As Figure 1 depicts, one theorized pathway linking SES and parenting practices is parenting beliefs (Kohn, 1963; Okagaki & Divecha, 1993). With a sample of European American mothers, Luster et al. (1989) found that SES was negatively related to values embracing conformity and positively related to values endorsing self-direction. In turn, the effect of these parental values on parenting behaviors was mediated by parenting beliefs about discipline, promoting exploratory behavior, and affectionate, responsive behavior. This leads to the question of whether the relation between SES and parenting behavior could be mediated by parenting beliefs. Several studies illustrate the link between parenting beliefs and attitudes and parenting behavior (e.g., Dix, 1993; Luster et al., 1989). Luster and Kain (1987) found differences between parents who believed that parenting positively affects child outcomes (high efficacy) and parents who believed that parenting has little effect on child outcomes (low efficacy). Parents high in efficacy endorsed love, affection, and modeling as critical influences, whereas parents low in efficacy, especially fathers, tended to endorse discipline.
Another pathway through which SES is hypothesized to influence differences in discipline responses is stress: Economic hardship exposes low-SES parents to additional stressors that undermine their ability to use inductive discipline strategies and that result in higher parental reliance on punitive discipline (see McLoyd, 1990, for a review of the literature on these relations). Parental stress has been found to be associated positively with punitive parenting practices (e.g., Crnic & Greenberg, 1987; McLoyd et al., 1994; Patterson, 1986). Low SES may operate through the following specific stressors that are associated with punitive and unsupportive practices: being a single parent (e.g., Fox, Platz, & Bentley, 1995), having a large number of children (e.g., Fox et al., 1995), having an unplanned pregnancy (e.g., Zuravin, 1987), and living in an unsafe neighborhood (e.g., Abell, Clawson, Washington, Bost, & Vaughn, 1996).
Although external stressors are hypothesized to have a direct link to parents' discipline responses, their influence also may be mediated by parents' perception of the child and parents' cognitive–emotional processes when faced with child misbehavior. External stressors have been found to predict parents' negative views of the child (Conger, McCarty, Yang, Lahey, & Kropp, 1984). And parents' perception of child functioning has been linked to parenting behaviors, particularly among parents of aggressive children (Rubin et al., 1995). Aggressive behavior by children in preschool and early elementary school tends to evoke negative parent emotions and cognitions, which lead to more negative parenting behaviors (Rubin & Mills, 1992; Rubin et al., 1995).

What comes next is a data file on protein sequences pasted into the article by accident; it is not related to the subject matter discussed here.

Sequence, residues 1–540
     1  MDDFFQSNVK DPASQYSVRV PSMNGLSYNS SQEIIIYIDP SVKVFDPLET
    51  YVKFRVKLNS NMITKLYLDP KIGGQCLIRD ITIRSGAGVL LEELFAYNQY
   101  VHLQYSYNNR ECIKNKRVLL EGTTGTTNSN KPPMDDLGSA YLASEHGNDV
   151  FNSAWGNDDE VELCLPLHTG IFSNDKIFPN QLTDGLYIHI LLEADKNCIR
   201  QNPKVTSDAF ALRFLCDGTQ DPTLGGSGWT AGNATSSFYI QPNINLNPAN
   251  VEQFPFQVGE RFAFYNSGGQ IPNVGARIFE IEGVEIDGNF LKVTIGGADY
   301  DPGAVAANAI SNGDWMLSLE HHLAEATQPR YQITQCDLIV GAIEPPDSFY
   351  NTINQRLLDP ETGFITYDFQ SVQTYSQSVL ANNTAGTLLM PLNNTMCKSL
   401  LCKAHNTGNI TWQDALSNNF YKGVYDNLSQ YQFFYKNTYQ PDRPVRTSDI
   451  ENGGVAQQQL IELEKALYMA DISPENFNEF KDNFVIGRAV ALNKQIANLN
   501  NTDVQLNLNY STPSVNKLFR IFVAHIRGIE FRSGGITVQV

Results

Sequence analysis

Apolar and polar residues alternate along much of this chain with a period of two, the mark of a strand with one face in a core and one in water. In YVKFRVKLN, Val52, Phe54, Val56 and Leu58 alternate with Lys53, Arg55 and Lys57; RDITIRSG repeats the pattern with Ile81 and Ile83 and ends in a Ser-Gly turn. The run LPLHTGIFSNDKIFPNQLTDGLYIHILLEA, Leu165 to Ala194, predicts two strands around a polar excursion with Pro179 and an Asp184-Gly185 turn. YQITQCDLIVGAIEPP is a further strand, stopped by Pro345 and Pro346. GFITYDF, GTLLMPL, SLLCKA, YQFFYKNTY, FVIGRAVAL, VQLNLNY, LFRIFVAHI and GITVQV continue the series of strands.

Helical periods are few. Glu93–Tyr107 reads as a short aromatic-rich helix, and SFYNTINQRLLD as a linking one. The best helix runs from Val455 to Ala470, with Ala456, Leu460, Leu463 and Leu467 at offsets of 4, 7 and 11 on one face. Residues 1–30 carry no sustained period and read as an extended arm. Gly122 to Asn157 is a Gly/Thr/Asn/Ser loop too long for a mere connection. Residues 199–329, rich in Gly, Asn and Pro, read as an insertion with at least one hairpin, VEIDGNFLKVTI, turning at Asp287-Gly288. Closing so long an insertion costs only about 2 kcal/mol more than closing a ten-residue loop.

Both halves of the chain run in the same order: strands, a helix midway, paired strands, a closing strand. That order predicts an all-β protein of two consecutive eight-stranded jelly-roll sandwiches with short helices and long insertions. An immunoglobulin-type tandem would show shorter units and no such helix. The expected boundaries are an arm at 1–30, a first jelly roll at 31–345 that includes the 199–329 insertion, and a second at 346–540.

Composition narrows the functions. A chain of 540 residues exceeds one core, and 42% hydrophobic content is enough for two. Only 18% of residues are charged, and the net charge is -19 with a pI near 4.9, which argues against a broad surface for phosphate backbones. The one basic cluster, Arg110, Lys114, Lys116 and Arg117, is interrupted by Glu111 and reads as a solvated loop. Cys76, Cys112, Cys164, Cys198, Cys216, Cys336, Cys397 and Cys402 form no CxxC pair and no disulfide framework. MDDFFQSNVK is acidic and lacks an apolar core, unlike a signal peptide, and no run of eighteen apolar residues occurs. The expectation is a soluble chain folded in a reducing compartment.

McLoyd (1990) noted that stressful life conditions facing low-income parents undermine their emotional state. Dix (1991) has suggested that high levels of stressors negatively affect parents' cognitive–emotional processes. Several links have been found between cognitive–emotional processes and parents' discipline responses. First, it has been shown (e.g., Dix, Ruble, & Zambarano, 1989; MacKinnon-Lewis, Lamb, Arbuckle, Baradaran, & Volling, 1992; Strassberg, 1995) that parents' tendency to make hostile attributions about the child correlates with punitive parenting. Second, intense negative affect about child misbehavior may be related to use or endorsement of forceful discipline (Dix, 1993; Dix & Lochman, 1990). Third, parental worry about the future implications of current child misbehavior may affect discipline responses. This process may be intensified when important socialization goals are involved (Dix, 1991, 1993). For example, a parent who values obedience is more likely to become upset over his or her child's defiance than is a parent who places less value on obedience. These different emotional reactions to defiance might lead to different discipline responses. Fourth, parental perceived control over the misbehavior is another process that may affect discipline responses (Dix, 1991). Parents who perceive that they lack control over the misbehavior in question are more likely to have negative emotions than those who believe they can control the misbehavior (Bugental, Blue, & Lewis, 1990). In this study, perceived control over the misbehavior was assessed in two ways: the degree to which parents perceived that they could prevent the problem behavior in the future and the variety of noncoercive alternative disciplinary strategies they reported as being available to them.